Appian RPA


About Appian RPA

Appian RPA is a feature of the Appian platform for automating tasks using Robotic Process Automation (RPA).

As the costs of labor increase, businesses find that investment in automating rote tasks through software is much more attractive. The cost savings for outsourcing work isn't as compelling as the cost savings for robotic process automation solutions. High volume, highly transactional manual processes can be automated to free up your workforce to focus on tasks and initiatives that require higher level cognitive thinking. Additionally, robotic processes ensure data quality and consistency where compliance is concerned and such standards can't be compromised.

RPA represents a new paradigm in business process automation. Appian RPA delivers:

  • Full-stack automation: Appian RPA fully integrates with BPM, AI, and case management to provide the right automation technology for the right use case. Unite people, bots, and AI to tackle high-value and high-volume work that involves different levels of cognitive engagement.
  • Powerful governance: As your RPA practice grows, you can centrally manage, monitor, and deploy robots across the organization to increase scale and performance.
  • Secure, cloud-based RPA: Appian's Cloud is secure, globally available, and trusted to run mission critical, enterprise applications, including those that use robotic process integrations.

Appian RPA is not available as a high availability feature at this time, but won't impact other HA features in your environment. See High Availability in Appian Cloud for more information.

How does Appian RPA work?

Robotic processes are programs that control other applications to perform repetitive tasks based on rules, allowing people to focus their efforts on activities that require problem solving or personal interpretation.

Is high-volume and faster document extraction a goal for your robotic process automation? Appian offers an Intelligent Document Processing (IDP) application that works with Appian RPA as well as other systems to further automate this type of task.

Among other objectives, Appian RPA seeks to replace manual tasks with a programmed robotic process. RPA differs from traditional automation in its non-intrusive nature. Robotic processes don't necessarily need to access databases, nor do they have to communicate with computer systems by invoking functions, web services, or APIs. Instead, robotic processes interact with the user interface itself, using the windows of the applications as people do: moving the mouse, clicking different menu options, and entering or reading data from the screens.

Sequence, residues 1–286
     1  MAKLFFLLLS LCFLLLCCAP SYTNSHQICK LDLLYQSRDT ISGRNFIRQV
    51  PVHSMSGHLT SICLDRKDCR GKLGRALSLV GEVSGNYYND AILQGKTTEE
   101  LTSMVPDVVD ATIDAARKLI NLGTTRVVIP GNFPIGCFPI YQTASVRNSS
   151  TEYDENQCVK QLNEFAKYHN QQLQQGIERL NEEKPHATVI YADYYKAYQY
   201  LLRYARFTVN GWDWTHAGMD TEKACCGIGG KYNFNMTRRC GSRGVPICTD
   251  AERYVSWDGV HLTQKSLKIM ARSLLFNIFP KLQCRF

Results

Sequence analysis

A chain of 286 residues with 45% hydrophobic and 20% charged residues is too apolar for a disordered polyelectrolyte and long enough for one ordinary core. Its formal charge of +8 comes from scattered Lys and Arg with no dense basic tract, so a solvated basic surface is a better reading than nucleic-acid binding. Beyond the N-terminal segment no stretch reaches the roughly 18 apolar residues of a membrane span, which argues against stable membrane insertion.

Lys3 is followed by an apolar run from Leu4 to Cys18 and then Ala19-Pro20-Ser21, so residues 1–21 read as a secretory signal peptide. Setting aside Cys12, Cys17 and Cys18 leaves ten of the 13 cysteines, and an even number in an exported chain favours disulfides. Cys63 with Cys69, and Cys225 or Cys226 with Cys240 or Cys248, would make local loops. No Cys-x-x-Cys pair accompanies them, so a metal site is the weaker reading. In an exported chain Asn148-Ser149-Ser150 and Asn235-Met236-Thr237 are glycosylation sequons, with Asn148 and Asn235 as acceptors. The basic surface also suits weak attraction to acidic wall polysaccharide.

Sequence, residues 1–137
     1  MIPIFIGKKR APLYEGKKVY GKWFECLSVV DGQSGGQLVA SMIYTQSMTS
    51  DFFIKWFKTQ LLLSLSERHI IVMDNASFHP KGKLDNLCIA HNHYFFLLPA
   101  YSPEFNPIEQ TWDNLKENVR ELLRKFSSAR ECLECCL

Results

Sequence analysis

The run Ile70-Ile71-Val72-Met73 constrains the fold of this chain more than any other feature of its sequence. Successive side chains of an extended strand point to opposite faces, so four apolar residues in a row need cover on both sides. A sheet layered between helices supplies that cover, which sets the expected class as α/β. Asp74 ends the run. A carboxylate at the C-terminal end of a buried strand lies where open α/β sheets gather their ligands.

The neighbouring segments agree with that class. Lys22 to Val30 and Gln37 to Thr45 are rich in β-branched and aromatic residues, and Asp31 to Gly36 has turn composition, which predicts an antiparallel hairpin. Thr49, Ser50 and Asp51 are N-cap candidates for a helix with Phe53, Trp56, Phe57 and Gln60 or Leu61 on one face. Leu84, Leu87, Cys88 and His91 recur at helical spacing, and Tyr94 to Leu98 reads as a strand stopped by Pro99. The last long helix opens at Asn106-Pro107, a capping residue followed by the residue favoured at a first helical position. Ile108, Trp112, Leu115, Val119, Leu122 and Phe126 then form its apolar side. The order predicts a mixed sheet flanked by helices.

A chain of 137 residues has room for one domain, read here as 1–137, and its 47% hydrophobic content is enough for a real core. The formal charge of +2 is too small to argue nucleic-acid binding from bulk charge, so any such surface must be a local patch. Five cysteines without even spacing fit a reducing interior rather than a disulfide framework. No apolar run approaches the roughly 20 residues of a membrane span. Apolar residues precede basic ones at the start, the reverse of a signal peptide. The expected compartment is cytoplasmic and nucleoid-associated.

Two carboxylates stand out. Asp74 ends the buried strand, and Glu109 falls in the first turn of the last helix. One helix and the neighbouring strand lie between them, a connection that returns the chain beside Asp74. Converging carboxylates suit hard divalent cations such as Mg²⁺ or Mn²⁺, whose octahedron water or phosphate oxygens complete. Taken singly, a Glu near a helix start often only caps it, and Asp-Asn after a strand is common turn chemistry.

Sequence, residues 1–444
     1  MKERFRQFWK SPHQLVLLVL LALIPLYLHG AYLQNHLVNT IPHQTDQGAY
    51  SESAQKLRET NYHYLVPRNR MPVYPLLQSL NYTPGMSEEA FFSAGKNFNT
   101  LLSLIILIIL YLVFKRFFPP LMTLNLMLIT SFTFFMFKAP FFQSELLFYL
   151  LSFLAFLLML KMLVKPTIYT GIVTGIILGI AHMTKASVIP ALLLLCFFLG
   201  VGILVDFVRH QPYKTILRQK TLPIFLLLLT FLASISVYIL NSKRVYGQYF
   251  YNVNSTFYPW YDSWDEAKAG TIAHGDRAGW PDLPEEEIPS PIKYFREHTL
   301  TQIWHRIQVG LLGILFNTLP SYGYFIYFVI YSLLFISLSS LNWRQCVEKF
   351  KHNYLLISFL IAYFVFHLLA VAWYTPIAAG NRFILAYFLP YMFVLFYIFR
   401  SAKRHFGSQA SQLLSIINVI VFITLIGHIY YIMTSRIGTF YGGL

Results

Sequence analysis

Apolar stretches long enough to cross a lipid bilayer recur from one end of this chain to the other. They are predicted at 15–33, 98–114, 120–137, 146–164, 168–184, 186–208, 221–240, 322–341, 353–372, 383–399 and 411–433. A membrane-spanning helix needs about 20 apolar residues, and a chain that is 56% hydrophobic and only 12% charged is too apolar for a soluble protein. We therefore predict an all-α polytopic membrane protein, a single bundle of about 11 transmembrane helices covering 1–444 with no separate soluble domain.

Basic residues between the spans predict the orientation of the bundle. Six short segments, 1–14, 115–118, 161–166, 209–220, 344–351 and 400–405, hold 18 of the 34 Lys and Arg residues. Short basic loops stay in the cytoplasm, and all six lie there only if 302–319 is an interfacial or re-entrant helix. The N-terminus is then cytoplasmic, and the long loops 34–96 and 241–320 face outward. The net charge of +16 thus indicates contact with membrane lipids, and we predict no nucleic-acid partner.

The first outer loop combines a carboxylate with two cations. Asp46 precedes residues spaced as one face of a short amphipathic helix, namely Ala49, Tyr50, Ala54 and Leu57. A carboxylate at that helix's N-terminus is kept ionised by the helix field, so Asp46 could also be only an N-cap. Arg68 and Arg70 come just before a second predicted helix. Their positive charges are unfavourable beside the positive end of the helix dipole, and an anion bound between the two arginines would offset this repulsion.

Appian RPA robotic processes are powered by Java methods and libraries. These pieces of code represent actions within the robotic process workflow. Developers can then use the Appian RPA Console to architect robotic process workflows using that code.

The console is also the place where administrators can execute processes, monitor completed processes, and schedule new ones. Administrators must also set up environments where robotic processes should run. The execution environment for a robotic process is known as a resource and can be a physical or virtual machine. Appian RPA uses tags to secure visibility and execution for users, robotic processes, and resources.

Check out New to RPA? to learn more about how Appian RPA's components work together.

Who is this guide for?

This documentation serves as the reference guide for Appian RPA administrators and developers. The tasks and responsibilities for each role are as follows:

  • Administrator: Technical support in the organization for robotic process deployment, including hardware and software infrastructure and communications. In addition, this role can change permissions and has remote access to the resources and the events generated by the platform.
  • Developer: This role corresponds to the programmer, who analyzes and builds the robotic processes. Developers are responsible for deploying code to the central repository and preparing robotic process packages for deployment. Additionally, the developer creates, sets up, and visually defines the workflow for the robotic processes from the console.
  • Manager: Operational support to help keep robotic processes functional. Managers are responsible for executing robotic processes, managing exceptions, and troubleshooting issues such as offline resources or failed queue item processing. Managers can't edit or create a robotic process, but help support existing ones.

Many other business roles are important part of RPA. Individuals may step in at certain points in the process and help to resolve exceptions when they arise. As you plan and coordinate robotic processes, it's also important to communicate with employees of the organization who know the processes best suited for automation. Users may need to know at a functional level what robots do, and they must handle detailed information about input and output data from the processes and their metrics. Further, some people must know the costs of both the manual process and the automation in order to calculate savings and determine the return on investment (ROI). The Robotic Workforce Manager solution (bundled with Appian RPA) can help you engage with these individuals and promote RPA usage across your business.

This documentation provides the technical framework to help you code and deploy robotic processes for your organization.

Console browser requirements

The Appian RPA Console supports Chrome, Safari, and Firefox. Edge and Internet Explorer users may have some success using the Appian RPA Console on these browsers, but it isn't recommended.

This version of the Appian RPA documentation was written for Appian 20.2, and does not represent the interfaces or functionality of other Appian versions.
Open in Github Built: Fri, Nov 12, 2021 (02:39:05 PM)

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